Humanitarian workers have warned of a second wave of deaths from malnutrition and disease in remote, waterlogged corners of the Irrawaddy Delta that have received little or no assistance.

UN officials who have collected reports of camp evictions say they have expressed their concern to Burmese government officials and been told that there is no official eviction policy. "We are concerned at any return [of people] to areas that don't have the right services and where people's lives and livelihoods can't be sustained," Amanda Pitt, a spokesperson for the UN's humanitarian arm, told a news conference in Bangkok.

Junta eager to rebuild 'rice bowl'

In recent weeks, however, Burmese leaders have repeatedly called for a rapid start to reconstruction in the delta, a major rice-growing area. They've also requested $11 billion in foreign aid. Asia Times Online, a news website, has reported that 43 Burmese companies have already received contracts for reconstruction in cyclone-hit areas, including some owned by businessmen under US and other Western financial sanctions.

Burmese state media has also scolded villagers who wait by the roadside for private handouts and struck a defiant tone toward international food aid, saying villagers can forage for fish and frogs in monsoon ponds. This fits the junta's vision of self-sufficiency and intense suspicion of Western-led relief efforts, say analysts.

"When they see white faces, they see spies.... They don't want anyone looking around there," says Aung Naing Oo, an exiled Burmese scholar based in Chiang Mai, Thailand.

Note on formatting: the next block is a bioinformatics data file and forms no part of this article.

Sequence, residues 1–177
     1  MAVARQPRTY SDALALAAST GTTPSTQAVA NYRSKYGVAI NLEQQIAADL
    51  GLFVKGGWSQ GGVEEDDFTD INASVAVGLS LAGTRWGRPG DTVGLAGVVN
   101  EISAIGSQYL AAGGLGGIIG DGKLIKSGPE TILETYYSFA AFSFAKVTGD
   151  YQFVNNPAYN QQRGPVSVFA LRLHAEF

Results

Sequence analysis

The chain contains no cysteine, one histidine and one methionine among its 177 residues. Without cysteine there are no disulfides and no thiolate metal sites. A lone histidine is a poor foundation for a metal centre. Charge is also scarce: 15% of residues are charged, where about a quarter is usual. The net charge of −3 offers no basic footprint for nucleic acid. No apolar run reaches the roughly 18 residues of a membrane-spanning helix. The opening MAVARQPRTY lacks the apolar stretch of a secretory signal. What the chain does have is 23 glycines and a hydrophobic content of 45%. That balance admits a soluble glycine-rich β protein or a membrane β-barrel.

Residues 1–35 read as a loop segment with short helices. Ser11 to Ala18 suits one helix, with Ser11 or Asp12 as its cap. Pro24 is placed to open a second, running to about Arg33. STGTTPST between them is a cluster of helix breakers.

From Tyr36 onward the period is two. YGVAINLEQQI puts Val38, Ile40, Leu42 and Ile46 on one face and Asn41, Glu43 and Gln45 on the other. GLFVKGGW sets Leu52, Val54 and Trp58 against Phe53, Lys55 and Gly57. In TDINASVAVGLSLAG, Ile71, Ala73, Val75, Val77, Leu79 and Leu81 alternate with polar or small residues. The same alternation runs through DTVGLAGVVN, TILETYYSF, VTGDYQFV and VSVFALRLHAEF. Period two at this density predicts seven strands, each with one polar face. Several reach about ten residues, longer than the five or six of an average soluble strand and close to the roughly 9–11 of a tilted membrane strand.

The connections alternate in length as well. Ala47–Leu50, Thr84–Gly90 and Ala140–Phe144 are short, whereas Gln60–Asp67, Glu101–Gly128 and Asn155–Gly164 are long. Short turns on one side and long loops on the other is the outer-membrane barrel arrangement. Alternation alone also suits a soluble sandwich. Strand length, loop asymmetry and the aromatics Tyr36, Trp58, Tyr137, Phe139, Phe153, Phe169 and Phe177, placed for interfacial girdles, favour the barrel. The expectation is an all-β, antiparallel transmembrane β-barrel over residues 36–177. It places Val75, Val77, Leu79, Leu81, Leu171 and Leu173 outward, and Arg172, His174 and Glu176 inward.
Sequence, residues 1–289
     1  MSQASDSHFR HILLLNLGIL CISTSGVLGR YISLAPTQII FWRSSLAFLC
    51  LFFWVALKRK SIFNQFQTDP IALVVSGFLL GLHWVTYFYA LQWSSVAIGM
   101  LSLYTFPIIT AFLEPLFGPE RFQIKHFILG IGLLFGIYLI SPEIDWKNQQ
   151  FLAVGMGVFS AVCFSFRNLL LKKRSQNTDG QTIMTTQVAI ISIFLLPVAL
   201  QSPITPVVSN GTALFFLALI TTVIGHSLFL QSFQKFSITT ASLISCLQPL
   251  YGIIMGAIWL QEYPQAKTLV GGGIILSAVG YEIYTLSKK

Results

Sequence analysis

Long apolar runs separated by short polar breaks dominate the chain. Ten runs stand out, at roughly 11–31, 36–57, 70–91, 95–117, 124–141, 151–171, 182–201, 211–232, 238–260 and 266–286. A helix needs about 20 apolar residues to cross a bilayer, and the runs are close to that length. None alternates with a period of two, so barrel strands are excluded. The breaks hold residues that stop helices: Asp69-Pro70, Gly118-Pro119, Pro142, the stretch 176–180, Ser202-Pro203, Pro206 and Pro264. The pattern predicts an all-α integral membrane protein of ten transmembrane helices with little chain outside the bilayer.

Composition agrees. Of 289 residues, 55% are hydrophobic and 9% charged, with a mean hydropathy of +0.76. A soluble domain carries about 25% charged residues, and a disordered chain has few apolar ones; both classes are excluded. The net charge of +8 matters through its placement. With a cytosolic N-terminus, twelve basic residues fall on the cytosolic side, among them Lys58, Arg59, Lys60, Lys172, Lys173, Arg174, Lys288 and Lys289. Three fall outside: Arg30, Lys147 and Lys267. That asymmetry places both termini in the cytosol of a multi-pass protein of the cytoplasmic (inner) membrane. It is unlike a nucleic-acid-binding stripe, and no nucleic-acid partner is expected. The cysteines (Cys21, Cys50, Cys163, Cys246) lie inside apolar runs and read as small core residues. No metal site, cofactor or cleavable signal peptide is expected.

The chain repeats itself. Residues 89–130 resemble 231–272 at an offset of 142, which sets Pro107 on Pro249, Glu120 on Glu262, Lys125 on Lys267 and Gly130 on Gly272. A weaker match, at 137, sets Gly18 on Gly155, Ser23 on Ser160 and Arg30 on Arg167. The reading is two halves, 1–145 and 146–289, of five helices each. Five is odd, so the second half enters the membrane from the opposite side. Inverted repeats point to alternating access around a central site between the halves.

In private, UN officials say they are appalled by the recent camp closures but wary of openly criticizing Burma's authorities and seeing the door slam on their aid programs. This caution is understandable, say human rights activists and Burmese exiles, but provides little comfort to the cyclone victims whom the international community has pledged to protect.

UN agencies "are scared to speak out and expose the real situation, because they don't want to jeopardize a fragile relationship with the military junta.... It's really frustrating for Burmese staff who work for UN and international NGOs," says Aung Zaw, editor of the Irrawaddy magazine in Thailand, which has reported on camp evictions.

Anxious to go home, but with help

Despite the hardships, cyclone survivors are often anxious to go home and start again, provided they have enough support, say aid workers. A return to daily routines can help ease the trauma and dislocation caused by the cyclone.

On Monday, hundreds of schools reopened for the first time since the cyclone, though not in all storm-hit areas. More than 4,000 were damaged by the cyclone, of which over 1,000 were utterly destroyed, according to United Nations Children's Fund (Unicef).

The UN Development Program has begun a livelihoods program in 250 villages that includes cash grants and small infrastructure projects. This should help villagers get back on their feet, though not at the expense of the relief efforts that are still taking shape, says Sanaka Samarasinha, deputy UNDP chief in Rangoon.

"There are communities that are in a recovery phase, and we should address their needs while not taking our eyes off the ball on relief work," he says.